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Names, names, names

Recent discussion in the online Legacy User Group concerns the recording of variant names - for example, where do you record prefixes of surnames such as Mac/Mc, O', Ui, Ni, etc.

Dermot posted, "For example, my surname is McGlone (sometimes written "Mc Glone" i.e., with a space). This is an anglicised version of my name in Irish (or Gaelic), which is "Mac Giolla Eoin", translated as "The Son of the servant of John". My surname, however, is *NEVER* "Glone". The "Mc" part is the anglicised version of "Mac", which is the Irish (or Gaelic) word for son (of), but it's definitely part of the surname.

Robert wrote, "Names like VanMeter, King Richard, Pierre Of Murat Prince Murat (Another family researcher claims I am related to this guy!), Princess Diana, apparently all have their own separate correct “proper” ways to do it. By proper, I mean according to the rules of that person’s home country name rules."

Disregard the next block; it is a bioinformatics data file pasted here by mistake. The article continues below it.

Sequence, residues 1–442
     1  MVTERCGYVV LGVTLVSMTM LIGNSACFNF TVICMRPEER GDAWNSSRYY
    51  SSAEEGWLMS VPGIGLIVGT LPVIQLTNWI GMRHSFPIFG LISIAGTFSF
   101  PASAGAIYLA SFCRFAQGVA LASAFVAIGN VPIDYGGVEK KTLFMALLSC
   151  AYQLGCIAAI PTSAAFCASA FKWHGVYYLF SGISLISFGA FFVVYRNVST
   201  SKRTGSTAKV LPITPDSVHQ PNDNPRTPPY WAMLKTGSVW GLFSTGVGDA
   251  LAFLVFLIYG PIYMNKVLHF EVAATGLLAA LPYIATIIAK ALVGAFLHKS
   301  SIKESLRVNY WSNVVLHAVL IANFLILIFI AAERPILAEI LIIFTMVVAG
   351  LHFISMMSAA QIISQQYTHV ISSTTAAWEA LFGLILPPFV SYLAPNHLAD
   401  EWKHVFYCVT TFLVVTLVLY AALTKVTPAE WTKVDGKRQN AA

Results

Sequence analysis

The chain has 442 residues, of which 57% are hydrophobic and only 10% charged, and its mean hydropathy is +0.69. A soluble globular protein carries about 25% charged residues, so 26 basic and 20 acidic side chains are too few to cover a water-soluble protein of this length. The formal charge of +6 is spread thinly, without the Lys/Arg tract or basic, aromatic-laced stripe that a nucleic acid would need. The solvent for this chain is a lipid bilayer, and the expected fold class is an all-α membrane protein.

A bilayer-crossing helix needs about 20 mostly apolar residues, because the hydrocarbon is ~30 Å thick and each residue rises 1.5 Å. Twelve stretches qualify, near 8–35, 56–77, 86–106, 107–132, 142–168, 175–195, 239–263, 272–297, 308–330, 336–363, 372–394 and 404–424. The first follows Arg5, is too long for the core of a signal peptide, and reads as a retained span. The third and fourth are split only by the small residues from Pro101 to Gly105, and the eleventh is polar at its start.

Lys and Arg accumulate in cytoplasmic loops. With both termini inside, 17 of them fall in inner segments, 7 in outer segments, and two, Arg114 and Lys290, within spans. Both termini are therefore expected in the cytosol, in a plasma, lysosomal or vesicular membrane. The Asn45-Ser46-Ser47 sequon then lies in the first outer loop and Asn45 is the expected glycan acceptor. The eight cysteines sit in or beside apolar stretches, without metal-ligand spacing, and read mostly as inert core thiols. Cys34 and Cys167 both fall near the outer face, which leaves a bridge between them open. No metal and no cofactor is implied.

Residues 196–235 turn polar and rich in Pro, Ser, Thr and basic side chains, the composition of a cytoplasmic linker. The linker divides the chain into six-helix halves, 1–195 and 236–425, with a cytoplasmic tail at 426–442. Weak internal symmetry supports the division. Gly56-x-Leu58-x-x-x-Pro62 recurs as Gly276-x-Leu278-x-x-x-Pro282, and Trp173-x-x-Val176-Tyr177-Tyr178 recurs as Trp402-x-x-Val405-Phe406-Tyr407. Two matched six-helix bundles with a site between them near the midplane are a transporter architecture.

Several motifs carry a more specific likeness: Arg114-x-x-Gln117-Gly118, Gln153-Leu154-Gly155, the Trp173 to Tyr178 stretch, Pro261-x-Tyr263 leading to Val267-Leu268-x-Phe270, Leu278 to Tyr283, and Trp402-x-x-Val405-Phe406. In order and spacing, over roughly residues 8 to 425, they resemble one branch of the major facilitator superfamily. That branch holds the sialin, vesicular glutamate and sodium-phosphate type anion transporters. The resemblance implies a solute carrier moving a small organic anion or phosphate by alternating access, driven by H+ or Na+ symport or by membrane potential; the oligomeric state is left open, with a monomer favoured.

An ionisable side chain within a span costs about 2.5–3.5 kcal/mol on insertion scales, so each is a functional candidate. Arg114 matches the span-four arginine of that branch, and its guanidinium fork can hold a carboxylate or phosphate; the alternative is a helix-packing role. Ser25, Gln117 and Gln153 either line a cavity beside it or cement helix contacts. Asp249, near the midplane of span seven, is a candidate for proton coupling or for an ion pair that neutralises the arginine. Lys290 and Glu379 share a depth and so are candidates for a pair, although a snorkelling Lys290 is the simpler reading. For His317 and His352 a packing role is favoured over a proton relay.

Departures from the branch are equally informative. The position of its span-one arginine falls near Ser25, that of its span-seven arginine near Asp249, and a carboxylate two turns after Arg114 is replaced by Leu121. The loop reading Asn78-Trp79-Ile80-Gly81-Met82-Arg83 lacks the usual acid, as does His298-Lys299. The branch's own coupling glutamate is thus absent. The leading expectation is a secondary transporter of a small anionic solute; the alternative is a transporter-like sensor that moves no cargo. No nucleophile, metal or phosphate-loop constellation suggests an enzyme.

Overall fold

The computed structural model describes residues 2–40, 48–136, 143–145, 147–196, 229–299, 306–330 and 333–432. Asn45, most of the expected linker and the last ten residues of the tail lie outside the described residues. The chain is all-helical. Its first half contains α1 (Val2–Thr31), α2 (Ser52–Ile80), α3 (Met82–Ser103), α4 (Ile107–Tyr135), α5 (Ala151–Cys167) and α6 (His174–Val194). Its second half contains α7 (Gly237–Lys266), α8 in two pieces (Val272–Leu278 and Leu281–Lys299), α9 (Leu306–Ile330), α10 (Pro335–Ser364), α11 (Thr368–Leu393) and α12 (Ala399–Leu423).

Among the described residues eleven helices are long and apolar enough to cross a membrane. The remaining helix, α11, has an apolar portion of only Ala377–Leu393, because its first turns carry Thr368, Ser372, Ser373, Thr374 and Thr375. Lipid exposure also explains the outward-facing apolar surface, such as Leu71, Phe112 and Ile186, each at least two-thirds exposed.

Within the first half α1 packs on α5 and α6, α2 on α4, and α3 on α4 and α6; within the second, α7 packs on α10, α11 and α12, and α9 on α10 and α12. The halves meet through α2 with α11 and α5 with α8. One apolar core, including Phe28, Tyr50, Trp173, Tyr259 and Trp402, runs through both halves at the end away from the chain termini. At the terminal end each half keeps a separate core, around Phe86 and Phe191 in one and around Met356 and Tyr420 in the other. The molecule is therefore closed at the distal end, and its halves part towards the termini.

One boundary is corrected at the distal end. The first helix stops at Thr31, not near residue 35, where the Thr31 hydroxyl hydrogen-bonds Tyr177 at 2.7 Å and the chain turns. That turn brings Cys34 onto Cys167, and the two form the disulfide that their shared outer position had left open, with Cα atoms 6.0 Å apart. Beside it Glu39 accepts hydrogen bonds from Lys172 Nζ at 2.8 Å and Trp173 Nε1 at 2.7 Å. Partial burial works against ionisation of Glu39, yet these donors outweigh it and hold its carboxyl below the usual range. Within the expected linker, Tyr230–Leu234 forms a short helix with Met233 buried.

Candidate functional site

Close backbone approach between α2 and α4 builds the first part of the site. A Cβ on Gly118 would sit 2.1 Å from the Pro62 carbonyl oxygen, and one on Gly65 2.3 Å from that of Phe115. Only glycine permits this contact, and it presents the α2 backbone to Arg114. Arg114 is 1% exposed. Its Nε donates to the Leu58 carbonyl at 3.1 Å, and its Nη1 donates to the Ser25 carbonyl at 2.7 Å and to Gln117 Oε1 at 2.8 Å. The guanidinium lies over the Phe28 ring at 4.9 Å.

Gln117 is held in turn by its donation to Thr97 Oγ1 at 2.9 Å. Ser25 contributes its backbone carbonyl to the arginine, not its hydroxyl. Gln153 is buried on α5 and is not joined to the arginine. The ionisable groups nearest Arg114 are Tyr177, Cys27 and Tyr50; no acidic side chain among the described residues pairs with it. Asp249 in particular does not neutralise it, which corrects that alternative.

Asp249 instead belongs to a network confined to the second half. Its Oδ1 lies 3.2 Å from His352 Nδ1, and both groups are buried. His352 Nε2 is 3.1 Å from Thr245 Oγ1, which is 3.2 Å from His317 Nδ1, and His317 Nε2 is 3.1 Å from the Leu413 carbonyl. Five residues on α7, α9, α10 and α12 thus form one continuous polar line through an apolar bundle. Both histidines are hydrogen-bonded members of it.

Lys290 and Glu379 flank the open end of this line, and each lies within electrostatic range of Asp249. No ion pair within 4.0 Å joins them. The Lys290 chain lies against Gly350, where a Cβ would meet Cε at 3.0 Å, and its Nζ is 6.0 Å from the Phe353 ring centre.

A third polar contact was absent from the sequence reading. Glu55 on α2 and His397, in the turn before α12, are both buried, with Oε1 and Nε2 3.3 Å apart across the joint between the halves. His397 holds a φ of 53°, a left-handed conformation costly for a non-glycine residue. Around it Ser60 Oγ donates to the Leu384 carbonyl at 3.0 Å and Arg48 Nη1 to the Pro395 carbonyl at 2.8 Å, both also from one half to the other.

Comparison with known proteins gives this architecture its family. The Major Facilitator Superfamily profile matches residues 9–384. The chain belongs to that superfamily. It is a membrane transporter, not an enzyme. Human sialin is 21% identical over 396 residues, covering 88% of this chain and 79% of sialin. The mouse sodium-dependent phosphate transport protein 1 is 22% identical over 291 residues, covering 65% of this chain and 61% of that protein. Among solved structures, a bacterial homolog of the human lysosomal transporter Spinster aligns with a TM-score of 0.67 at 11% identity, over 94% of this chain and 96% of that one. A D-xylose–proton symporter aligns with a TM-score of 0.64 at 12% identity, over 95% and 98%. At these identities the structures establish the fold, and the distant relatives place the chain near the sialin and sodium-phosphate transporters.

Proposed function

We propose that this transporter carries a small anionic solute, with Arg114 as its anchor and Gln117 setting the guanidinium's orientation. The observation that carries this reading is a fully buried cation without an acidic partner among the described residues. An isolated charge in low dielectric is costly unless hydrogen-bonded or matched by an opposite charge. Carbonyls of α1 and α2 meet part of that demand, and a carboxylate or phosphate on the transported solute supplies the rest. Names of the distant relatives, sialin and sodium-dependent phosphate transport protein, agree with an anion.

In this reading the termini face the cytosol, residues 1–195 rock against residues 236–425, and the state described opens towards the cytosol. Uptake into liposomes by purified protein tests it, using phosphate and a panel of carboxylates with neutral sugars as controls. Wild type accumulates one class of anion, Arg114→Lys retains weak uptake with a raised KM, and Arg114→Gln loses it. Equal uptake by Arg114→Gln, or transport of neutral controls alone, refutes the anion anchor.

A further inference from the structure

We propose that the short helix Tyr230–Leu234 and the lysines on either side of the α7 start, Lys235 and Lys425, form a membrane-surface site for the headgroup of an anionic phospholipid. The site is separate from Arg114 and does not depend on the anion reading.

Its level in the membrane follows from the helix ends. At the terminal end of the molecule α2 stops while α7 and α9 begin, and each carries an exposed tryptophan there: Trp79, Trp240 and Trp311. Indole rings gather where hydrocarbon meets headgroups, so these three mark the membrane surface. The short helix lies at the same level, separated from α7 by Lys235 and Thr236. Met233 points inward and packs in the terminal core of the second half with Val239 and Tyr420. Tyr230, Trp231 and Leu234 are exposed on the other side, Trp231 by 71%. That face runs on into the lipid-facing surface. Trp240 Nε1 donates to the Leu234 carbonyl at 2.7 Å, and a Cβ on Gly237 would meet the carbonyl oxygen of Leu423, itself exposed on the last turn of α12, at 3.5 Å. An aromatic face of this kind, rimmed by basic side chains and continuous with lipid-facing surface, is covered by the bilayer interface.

Here are a few helpful resources:

Getting It Right

Mary H. Slawson's book, Getting It Right, the Definitive Guide to Recording Family History Accurately, has almost 100 pages devoted to the proper recording of names. Here is an excerpt from the table of contents:

  • Given names
  • The use of formerly and or
  • alternate spellings
  • what language to use
  • recording given names
  • when surname appears before the given name
  • capitalization and punctuation
  • special symbols
  • nicknames
  • unknown given names
  • pseudonyms and alternate spellings of given names
  • multiple surnames
  • patronymic surnames
  • French Dits
  • missing surnames
  • the order to use when entering multiple titles
  • title prefixes and suffixes
  • religious titles
  • etc.

Best of all, all of her examples are written using Legacy Family Tree. For more information about the book, or to purchase, visit http://legacyfamilytree.com/Redirect/Store-SoftwareEtc.asp

Legacy News articles

Golden Rule of Data Entry

As discussed in the Mastering Names, Dates, and Places training CD - names, dates, and places should be entered so there is no misunderstanding by a novice reader as to the name, date, or place you are trying to express.


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